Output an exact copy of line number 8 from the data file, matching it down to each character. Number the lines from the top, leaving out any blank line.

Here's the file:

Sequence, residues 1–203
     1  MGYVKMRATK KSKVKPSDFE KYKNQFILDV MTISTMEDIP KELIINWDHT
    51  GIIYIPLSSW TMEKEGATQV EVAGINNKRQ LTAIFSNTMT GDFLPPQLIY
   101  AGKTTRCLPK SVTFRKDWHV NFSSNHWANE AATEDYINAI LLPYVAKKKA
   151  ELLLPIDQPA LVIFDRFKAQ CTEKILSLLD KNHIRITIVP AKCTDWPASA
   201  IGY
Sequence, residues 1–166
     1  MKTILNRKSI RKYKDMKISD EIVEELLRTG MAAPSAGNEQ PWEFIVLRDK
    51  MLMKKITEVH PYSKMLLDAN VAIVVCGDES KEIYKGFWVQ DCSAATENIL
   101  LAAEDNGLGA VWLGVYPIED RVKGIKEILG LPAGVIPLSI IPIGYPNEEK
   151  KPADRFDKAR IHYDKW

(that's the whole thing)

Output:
     1  MKTILNRKSI RKYKDMKISD EIVEELLRTG MAAPSAGNEQ PWEFIVLRDK